House prices have remained fairly static over the past month, with the main house price indices either reporting modest rises or, in the case of Halifax, a drop of 1% since last month.
In terms of annual growth, property prices are going up at a slower pace, while Rightmove also highlights a shortage of properties for sale.
The consensus is that house prices will continue to rise in the second half of 2017 – albeit at a slower pace.
Key stats at a glance
- UK House Price Index for May 2017: House prices up by 4.7% annually. Average price of a UK property: £220,713. Monthly change: 0.5%.
- Halifax House Price Index, June 2017: House prices up by 2.6% annually. Average price of a UK property: £218,390. Monthly change: -1%.
- Nationwide House Price Index, June 2017: House prices up by 3.1% annually. Average price of a UK property: £211,301. Monthly change: 1.1%.
- Rightmove House Price Index, July 2017: Asking prices up by 2.8% annually. Average asking price of a UK property: £316,421. Monthly change: 0.1%.
The latest figures from the UK House Price Index (UK HPI) for May shows an annual price rise of 4.7% over the year, putting the average property in the UK at £220,713.
In England, prices have risen by 5.7%, with a monthly price rise of just 0.5%, which puts the average property at £237,662.
In Wales, annual price growth has slowed down to 3.8%, compared with last month’s 4.2% annual increase, with an average property price of £149,817. Since April, house prices have risen by 0.6%.
However, London witnessed a more marked levelling off of annual growth, with property prices up by 3% over the year and an average property price of £481,345. Londoners saw house prices fall by -0.3% over the month to May, with an average house price of £481,345 – down from £482,779 in April.
Regionally, the East of England experienced the highest annual growth – with property prices up by 7.5%. Property prices in the East Midlands were close behind at 7.2% annual growth.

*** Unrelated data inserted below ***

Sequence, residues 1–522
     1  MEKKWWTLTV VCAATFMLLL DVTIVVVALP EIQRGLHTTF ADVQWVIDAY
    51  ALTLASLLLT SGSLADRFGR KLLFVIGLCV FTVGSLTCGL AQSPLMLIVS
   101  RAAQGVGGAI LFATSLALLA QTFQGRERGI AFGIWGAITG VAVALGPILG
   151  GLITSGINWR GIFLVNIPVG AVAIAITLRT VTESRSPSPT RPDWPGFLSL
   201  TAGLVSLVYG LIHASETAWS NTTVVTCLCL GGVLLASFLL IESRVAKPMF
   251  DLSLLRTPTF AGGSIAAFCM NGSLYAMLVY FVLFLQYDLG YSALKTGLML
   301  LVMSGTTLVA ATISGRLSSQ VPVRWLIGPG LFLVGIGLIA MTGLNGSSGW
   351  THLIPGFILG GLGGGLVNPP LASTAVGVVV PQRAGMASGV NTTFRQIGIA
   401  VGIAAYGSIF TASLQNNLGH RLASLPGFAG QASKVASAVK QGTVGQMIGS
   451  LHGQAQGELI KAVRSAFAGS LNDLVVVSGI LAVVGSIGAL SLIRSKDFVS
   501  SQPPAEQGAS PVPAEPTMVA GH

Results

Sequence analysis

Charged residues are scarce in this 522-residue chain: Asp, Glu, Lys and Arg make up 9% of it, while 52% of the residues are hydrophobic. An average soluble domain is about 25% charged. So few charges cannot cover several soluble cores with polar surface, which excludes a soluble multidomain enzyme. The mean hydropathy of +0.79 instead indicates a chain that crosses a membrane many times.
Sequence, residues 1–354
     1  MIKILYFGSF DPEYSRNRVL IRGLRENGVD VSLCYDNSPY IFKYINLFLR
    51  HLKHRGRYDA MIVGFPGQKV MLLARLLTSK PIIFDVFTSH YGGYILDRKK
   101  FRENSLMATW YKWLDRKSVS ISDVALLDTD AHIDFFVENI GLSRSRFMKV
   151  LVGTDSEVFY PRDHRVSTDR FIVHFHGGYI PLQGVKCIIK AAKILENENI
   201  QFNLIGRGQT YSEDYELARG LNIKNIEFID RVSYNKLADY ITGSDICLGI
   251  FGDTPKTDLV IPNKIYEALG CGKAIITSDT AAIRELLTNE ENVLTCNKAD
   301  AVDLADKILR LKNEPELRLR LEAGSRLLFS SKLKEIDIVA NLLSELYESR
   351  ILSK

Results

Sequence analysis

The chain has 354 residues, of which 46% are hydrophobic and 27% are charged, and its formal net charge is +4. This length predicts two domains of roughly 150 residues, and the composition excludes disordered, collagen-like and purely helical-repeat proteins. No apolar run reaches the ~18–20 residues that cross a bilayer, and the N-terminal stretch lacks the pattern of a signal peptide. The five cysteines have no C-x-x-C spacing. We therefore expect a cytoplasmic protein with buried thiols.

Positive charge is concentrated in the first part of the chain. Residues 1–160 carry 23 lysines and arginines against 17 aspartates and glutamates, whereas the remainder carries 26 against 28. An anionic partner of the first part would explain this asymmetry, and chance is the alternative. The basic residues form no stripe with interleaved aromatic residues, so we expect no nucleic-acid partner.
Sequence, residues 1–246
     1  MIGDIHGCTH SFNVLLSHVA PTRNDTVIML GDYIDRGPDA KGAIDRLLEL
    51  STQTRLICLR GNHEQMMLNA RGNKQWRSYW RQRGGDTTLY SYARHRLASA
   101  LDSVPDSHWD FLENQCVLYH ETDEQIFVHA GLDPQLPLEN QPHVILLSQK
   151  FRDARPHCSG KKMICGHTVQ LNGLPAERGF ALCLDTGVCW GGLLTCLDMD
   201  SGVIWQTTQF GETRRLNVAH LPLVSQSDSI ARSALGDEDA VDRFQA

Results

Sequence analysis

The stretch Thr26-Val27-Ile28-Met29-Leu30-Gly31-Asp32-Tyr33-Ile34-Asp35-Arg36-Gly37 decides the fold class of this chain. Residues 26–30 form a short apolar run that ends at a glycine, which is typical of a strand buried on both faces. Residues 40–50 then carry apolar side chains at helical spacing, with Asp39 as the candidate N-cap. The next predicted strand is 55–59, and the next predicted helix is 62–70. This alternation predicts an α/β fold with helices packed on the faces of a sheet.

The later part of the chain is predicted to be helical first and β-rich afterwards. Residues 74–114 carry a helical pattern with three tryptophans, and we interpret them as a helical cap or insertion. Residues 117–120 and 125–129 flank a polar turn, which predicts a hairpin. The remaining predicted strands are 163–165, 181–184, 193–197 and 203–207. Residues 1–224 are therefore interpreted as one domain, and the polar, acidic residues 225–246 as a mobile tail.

Commenting on the UK HPI, Lucy Pendleton, director of James Pendleton estate agency, says: “Prices continue to edge down slowly, but activity levels remain strong. The reason for this is that the Mexican stand-off between buyers and sellers has failed to materialise.
“Most vendors are operating in the real world and are prepared to accept a realistic market price. This is keeping the market fluid. The gradual softening in prices we are seeing will ensure the market avoids a sharper correction.
"With supply so low and demand still robust given low mortgage rates and strong employment, prices certainly won’t be going off a cliff edge.”
‘Weakened housing demand’
Meanwhile, Halifax reveals that house prices in the three months to June were just 2.6% higher than in the same period a year ago – the lowest rate since May 2013. It reports that house prices were down by -0.1% between May and June.
Martin Ellis, Halifax chief economist, says that while house prices have flattened in the past three months, there are key factors that will help to keep prices stable.
“Although employment levels continue to rise, household finances face increasing pressure as consumer prices grow faster than wages.
This, combined with the new stamp duty on buy-to-let and second homes in 2016, appears to have weakened housing demand in recent months,” he says.
“A continued low mortgage rate environment, combined with an ongoing acute shortage of properties for sale should help continue to
underpin house prices over the coming months,” he adds.
‘A drag on housing market activity’
Nationwide reports an annual house price growth of 3.1% and house prices rising by 1.1% over the month to June – reversing a fall in prices over the previous three months, with prices up by £2,590 between May and June 2017.